Rembert Brown on Black Thanksgiving
Rembert Browne on Black Thanksgiving is pretty much all you need.
Chef/Activist Tunde Wey writes a bleak and honest story about his time in Detroit. He focuses on how often culinary innovation, which is held up as a sign that a neighborhood (or city) is on the move, is usually by whites and for whites. Tough but powerful read.
I hope everyone I know likes getting replicas of old menus for Christmas because this is EXTREMELY my shit.
This is a thoroughly bizarre game. It’s like Myst, but you’re a cook. You’ve ordered 20 soups from aliens, but they aliens don't always get them right. As they beam them to you, you must decide if each order is “soup” or “not soup”. It’s kinda gross but oddly compelling. A note at the end explains that the game designers are trying to build a unified theory of soup.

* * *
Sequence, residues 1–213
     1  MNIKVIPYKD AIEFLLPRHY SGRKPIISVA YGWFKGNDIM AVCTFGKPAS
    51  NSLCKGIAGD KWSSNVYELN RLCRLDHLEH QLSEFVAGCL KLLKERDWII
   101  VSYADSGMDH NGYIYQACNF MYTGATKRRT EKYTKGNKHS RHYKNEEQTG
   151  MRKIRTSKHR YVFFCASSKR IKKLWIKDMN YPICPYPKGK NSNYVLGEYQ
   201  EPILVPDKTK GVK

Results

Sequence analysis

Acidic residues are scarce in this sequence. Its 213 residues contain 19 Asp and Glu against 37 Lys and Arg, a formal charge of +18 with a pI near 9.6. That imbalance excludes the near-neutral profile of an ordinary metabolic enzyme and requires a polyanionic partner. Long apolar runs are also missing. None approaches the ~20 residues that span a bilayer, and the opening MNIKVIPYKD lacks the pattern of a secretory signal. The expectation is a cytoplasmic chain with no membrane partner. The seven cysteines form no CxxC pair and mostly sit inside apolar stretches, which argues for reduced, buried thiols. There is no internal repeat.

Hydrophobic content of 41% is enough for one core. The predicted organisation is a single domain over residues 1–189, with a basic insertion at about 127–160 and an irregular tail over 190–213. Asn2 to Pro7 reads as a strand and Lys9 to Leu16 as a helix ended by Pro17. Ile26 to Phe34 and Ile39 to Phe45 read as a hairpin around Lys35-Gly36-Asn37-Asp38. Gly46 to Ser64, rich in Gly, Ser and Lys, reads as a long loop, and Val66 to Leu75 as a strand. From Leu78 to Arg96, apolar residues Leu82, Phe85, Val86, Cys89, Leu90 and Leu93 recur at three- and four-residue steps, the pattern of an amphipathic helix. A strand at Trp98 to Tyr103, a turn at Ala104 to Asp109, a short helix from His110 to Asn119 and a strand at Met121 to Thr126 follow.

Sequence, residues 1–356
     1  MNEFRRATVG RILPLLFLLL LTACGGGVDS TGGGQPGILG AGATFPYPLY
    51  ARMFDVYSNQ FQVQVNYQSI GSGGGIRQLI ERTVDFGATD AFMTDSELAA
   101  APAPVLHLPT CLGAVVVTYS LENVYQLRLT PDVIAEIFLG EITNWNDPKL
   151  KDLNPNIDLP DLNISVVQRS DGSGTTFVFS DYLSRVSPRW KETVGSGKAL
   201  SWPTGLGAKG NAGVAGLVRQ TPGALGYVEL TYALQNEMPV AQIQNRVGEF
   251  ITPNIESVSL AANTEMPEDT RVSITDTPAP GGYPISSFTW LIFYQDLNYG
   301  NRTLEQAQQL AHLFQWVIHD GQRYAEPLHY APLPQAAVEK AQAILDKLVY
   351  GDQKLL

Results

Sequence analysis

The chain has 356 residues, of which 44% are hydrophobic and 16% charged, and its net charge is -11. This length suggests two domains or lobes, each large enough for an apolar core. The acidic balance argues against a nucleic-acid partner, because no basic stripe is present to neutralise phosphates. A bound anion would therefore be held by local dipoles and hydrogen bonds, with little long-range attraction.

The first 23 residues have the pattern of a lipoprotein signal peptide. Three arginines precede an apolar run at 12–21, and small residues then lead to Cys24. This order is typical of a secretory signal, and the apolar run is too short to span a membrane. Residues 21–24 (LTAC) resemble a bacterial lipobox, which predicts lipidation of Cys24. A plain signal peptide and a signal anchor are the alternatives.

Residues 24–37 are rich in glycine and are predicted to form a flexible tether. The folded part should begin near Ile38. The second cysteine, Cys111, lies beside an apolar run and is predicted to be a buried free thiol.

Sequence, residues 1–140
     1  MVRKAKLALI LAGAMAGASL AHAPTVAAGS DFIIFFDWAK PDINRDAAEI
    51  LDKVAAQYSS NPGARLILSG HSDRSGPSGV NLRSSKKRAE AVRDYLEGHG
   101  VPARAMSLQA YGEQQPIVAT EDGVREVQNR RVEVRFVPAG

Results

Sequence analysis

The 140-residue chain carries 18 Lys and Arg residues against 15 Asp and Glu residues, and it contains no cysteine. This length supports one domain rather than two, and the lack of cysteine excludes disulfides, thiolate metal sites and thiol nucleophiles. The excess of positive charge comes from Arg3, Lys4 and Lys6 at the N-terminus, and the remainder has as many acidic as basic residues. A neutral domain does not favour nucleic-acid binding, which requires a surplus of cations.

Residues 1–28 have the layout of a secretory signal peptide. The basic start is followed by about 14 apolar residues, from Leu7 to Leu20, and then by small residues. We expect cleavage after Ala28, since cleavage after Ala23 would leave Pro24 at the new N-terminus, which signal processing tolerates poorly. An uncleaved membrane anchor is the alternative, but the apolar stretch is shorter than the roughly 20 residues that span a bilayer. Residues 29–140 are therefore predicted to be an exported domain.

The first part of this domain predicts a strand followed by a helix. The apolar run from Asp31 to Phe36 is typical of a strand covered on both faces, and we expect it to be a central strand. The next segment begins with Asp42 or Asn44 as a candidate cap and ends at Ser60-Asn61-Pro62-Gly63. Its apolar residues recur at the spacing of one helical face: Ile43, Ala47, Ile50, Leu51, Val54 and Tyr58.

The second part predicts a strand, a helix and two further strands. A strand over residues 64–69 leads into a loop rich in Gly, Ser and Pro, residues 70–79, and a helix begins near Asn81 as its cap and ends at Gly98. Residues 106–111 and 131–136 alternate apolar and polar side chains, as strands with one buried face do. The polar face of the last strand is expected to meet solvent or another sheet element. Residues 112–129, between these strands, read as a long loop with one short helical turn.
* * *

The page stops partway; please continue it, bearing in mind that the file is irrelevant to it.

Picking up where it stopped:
Reuters does a deep dive into the secret food markets of North Korea. These markets, existing in a legal gray area, are how most North Koreans get their food. As with most things about North Korea, it’s a bit of a mystery because the government is so secretive. Quartz links to this story, and has their own roundup of the street food snacks available at the markets.
I finally caught up with Food Twitter's favorite hate-read from a few weeks ago. It’s an article from Toronto Life about a local cooking enthusiast who opened his own restaurant. He explains how it ruined his life, and he’s probably never going to recover financially. I appreciate his refreshing honesty, but it’s hard to be sympathetic to someone who so clearly ruined the lives of everyone around them with his idiocy. Do NOT cash out your pension to open a restaurant.
Eater released their list of America’s 38 best restaurants. Lots of big names and favorites on here, as well as a clear attempt to feature more female and minority chefs. The restaurant of the year, The Grey in Savannah, seems like the kind of place I’d like to move into.